Moreover, to the extent that the PWS requires the successful contractor to identify its personnel performing the contract, this does not provide a basis for finding Xator's technical proposal unacceptable as the protester contends. Requirements such as this, which impose obligations on the contractor, are performance requirements that do not have to be met prior to award of the contract; consequently, whether or not the awardee ultimately performs in a manner that satisfies this requirement is a matter of contract administration, which our Office will not review and this allegation is dismissed. 4 C.F.R. § 21.5(a); HS Support, B-409937, Sept. 18, 2014, 2014 CPD ¶ 276 at 4; Waterfront Techs., Inc.--Protest & Costs, B-401498.16, B-401948.18, June 24, 2011, 2011 CPD ¶ 123 at 16; Citrus College; KEI Pearson, Inc., B-293543 et al., Apr. 9, 2004, 2004 CPD ¶ 104 at 3-4.

SigNet's Past Performance Evaluation

Finally, SigNet challenges the agency's assessment of a satisfactory confidence rating for the firm's past performance evaluation, arguing that its "sterling past performance" should have garnered it a higher rating. Protest at 10-11. Here, we need not decide whether the agency's assessment was reasonable, because we find that SigNet was not prejudiced by any potential error in the agency's evaluation of its past performance.

Competitive prejudice is an essential element of every viable protest; where the protester fails to demonstrate that, but for the agency's actions, it would have had a substantial chance of receiving the award, there is no basis for finding prejudice, and our Office will not sustain the protest, even if deficiencies in the procurement are found. Arc Aspicio, LLC, et al., B-412612 et al., Apr. 11, 2016, 2016 CPD ¶ 117 at 7.

As previously stated, the RFP notified offerors that "[t]o receive consideration for award, a rating of no less than 'Acceptable' must be achieved" under the technical evaluation factor. RFP at 5. Here, the agency evaluated SigNet's proposal as marginal (i.e., less than acceptable) under the technical evaluation factor. As discussed above, we find the agency's technical evaluation of SigNet's proposal to be unobjectionable. Therefore, SigNet was ineligible for award by the terms of the solicitation. To the extent that there were any errors to be found in the agency's evaluation of SigNet's past performance, the protester has not demonstrated that it would have been prejudiced by those errors. Simply stated, the protester was ineligible to receive award--based on the technical evaluation of its proposal--regardless of any rating it would have received from the agency for its past performance. Accordingly, we find no basis to sustain this protest ground. See The Dalton Gang, Inc.; All Points Logistics, Inc., B-412382.5 et al., Mar 1, 2017, 2017 CPD ¶ 61 at 12 (denying protest allegation challenging past performance evaluation where the record did not support a finding that the protester was prejudiced by alleged evaluation errors).

The protest is denied.

Thomas H. Armstrong
General Counsel

[1] The RFP was amended five times. Agency Report (AR), Tabs 1-6. Citations to the RFP are to the conformed version of the solicitation provided in the agency report.

[2] The award value of the task order at issue exceeds $25 million. Accordingly, this procurement is within our jurisdiction to hear protests related to the issuance of orders under multiple-award indefinite-delivery, indefinite-quantity contracts. 10 U.S.C. § 2304c(e)(1)(B).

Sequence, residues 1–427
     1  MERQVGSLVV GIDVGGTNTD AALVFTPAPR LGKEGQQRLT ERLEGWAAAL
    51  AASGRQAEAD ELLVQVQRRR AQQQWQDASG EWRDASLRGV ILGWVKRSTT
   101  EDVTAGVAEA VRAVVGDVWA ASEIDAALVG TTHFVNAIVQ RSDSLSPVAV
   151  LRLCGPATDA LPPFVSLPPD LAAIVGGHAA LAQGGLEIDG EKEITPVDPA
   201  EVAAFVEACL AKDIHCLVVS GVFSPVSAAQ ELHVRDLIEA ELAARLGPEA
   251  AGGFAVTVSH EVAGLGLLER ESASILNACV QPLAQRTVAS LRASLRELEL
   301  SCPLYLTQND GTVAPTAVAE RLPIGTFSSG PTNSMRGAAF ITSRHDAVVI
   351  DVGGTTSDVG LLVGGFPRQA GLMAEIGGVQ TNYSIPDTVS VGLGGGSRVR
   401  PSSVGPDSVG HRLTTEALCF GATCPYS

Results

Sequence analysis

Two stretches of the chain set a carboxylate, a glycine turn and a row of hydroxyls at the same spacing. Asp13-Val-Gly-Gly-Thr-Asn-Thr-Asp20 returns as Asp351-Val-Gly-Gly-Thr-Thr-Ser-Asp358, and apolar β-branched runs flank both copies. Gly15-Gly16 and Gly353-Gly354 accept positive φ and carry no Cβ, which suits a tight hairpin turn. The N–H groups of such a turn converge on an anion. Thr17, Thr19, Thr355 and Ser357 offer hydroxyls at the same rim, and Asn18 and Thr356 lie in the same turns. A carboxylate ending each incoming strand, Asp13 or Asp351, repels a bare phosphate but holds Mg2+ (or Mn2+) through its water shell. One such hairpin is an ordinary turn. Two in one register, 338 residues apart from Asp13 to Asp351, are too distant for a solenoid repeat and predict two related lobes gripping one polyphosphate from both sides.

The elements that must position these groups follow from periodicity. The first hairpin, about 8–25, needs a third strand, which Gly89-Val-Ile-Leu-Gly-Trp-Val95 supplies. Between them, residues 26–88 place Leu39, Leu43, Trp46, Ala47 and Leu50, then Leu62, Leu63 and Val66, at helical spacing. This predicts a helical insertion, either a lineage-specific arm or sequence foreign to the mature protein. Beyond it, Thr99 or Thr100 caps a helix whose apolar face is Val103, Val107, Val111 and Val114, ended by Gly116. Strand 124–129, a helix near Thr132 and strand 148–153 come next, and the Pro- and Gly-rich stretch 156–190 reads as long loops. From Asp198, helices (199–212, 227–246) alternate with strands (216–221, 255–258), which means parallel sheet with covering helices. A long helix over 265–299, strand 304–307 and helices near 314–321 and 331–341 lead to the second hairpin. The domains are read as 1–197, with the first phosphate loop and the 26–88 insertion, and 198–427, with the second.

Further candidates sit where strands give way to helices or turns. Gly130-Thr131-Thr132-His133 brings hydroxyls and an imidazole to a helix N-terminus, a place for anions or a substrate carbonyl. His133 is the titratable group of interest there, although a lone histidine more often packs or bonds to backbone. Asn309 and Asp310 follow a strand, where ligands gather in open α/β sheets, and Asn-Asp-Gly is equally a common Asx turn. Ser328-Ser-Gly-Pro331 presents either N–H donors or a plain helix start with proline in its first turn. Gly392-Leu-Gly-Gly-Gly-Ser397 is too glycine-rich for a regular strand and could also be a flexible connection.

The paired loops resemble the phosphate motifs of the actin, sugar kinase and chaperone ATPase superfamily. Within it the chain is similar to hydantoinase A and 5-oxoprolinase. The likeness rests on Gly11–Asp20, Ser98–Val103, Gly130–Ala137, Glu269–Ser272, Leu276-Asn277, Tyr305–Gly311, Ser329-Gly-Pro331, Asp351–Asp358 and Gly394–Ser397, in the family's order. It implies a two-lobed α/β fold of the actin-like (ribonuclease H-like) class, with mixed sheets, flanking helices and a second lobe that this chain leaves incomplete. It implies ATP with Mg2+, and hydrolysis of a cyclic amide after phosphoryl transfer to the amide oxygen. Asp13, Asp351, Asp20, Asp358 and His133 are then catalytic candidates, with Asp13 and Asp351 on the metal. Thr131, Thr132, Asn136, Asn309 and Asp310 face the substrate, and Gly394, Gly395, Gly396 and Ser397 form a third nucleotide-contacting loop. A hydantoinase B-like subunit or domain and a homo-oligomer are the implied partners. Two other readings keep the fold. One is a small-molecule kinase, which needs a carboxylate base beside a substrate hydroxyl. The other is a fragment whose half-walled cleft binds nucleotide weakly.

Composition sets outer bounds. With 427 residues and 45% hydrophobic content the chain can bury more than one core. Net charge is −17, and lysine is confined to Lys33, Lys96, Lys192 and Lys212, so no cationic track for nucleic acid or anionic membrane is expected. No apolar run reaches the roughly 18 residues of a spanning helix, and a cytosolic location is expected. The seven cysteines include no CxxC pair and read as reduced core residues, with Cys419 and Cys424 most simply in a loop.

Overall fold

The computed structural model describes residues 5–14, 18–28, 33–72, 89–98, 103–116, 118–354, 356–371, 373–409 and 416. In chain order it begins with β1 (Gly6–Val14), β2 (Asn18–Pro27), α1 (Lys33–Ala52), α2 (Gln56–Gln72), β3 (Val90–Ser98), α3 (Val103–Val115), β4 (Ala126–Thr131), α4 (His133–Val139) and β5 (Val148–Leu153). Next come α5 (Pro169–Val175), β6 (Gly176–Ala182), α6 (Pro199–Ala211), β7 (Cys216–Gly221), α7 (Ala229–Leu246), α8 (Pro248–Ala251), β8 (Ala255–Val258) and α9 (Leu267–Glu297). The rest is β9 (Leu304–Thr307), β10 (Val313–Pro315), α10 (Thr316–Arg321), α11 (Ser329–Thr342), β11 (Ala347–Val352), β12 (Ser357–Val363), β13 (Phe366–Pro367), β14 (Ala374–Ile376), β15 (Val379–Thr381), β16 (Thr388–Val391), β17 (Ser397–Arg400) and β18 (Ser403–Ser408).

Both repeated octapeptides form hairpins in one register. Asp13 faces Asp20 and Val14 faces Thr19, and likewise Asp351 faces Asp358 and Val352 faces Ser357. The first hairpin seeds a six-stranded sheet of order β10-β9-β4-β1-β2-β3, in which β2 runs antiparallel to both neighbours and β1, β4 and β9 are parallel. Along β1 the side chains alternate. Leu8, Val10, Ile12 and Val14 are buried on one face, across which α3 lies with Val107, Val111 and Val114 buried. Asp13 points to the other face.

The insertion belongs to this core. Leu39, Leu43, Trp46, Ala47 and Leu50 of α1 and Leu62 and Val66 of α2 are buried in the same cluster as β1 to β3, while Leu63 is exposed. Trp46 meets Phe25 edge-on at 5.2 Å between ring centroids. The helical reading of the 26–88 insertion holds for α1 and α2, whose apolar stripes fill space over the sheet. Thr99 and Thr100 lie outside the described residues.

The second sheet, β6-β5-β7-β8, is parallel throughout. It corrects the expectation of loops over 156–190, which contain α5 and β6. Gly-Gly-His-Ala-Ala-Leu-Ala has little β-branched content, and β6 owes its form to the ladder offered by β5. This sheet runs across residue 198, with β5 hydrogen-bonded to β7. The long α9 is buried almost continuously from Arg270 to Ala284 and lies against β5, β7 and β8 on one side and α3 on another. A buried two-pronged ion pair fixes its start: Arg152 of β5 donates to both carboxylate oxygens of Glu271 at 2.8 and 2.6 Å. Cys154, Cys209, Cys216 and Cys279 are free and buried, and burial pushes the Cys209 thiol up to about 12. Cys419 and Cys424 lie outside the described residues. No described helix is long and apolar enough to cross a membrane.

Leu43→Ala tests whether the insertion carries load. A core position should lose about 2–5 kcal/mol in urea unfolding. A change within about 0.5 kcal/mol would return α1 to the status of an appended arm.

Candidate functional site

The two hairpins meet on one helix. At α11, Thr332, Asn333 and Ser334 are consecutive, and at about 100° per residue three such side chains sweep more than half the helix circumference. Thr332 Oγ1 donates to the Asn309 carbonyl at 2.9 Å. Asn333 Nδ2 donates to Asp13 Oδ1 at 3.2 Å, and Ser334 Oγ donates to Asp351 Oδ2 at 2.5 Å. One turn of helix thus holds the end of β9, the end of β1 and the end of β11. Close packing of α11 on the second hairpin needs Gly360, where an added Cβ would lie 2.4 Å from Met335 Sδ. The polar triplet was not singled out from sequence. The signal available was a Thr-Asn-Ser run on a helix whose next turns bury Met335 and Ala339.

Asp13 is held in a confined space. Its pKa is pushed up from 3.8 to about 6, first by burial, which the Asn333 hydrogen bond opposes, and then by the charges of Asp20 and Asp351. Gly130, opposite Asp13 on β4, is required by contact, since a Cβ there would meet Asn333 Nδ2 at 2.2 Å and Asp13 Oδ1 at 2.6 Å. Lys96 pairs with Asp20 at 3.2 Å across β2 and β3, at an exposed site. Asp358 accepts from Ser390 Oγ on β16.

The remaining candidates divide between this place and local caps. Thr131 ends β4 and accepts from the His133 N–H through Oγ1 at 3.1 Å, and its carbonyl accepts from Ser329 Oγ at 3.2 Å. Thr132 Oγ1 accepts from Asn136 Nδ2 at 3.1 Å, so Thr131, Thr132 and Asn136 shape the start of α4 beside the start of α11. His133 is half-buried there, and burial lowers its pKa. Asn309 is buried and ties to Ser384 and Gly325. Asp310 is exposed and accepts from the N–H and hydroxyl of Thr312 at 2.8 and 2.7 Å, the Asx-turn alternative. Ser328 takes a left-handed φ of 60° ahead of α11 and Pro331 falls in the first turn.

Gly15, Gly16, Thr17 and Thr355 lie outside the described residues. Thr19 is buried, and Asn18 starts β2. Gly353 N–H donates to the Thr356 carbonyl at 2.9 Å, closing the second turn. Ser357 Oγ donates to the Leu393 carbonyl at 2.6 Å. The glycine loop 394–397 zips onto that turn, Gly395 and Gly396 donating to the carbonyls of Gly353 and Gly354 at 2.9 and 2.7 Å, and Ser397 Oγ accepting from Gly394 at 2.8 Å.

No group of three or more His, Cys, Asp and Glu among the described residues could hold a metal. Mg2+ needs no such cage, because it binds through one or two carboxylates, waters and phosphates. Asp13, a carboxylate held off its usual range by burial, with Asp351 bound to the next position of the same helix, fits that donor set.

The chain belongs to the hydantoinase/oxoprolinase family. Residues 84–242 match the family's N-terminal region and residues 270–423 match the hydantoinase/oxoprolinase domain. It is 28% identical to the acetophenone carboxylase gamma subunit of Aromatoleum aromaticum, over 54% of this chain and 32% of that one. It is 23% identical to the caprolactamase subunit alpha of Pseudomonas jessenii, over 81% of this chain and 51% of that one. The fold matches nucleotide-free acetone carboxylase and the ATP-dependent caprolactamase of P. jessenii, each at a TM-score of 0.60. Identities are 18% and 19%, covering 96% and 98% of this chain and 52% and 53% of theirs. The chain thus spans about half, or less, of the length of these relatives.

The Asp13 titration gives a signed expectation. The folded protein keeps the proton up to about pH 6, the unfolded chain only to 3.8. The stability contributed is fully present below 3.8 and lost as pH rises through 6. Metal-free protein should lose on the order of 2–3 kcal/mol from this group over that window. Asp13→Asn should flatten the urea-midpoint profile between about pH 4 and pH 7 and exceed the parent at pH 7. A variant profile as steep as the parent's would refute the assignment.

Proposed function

[3] While we do not address in detail every argument the protester raised, we have reviewed each issue and do not find any basis to sustain the protest. For example, SigNet argues that Xator's proposal contained material misrepresentations regarding the commitment of a potential subcontractor, [DELETED]. Protest at 1. SigNet contends that Xator had no right to include [DELETED] in its proposal after [DELETED] terminated its teaming agreement with Xator. Id. at 7. Our Bid Protest Regulations state that "GAO will dismiss any protest allegation or argument where the agency's report responds to the allegation or argument, but the protester's comments fail to address that response." 4 C.F.R. § 21.3(i)(3). Here, the agency substantively responded to the protester's material misrepresentation allegations in the agency report; however, the protester failed to rebut the agency's arguments in its comments. COS at 24-25; see generally Protester's Comments & Supp. Protest at 1-6. Under these circumstances, we conclude that SigNet abandoned this protest ground, and the allegation is therefore dismissed. IntelliDyne, LLC, B-409107 et al., Jan. 16, 2014, 2014 CPD ¶ 34 at 3 n.3.

[4] SigNet also alleges the agency's evaluation of its own technical proposal was flawed, and as a result, SigNet should not have received a marginal rating. Protest at 10. In this regard, SigNet challenges each of the weaknesses set forth in its debriefing letter, alleging that they were the result of either the agency's failure to consider information in the proposal, or to seek clarifications from SigNet rather than assign a weakness. Id. at 8-10. Although the agency provided a detailed rebuttal to these arguments in its report, the protester failed to rebut or otherwise address the agency's arguments in its comments. COS at 25-40; see generally Protester's Comments & Supp. Protest. As a result, we conclude that SigNet abandoned these protest grounds and they will not be considered further. IntelliDyne, LLC, supra.

[5] The agency's supplemental documentation has been added to the agency report as Tab 35, Xator Proposal Docs.

[6] Instead, the PWS requires offerors to provide in their proposals a complete list of personnel hired to perform the contract, and to update that information at least monthly, or more often as new personnel are hired. See PWS at 6-7.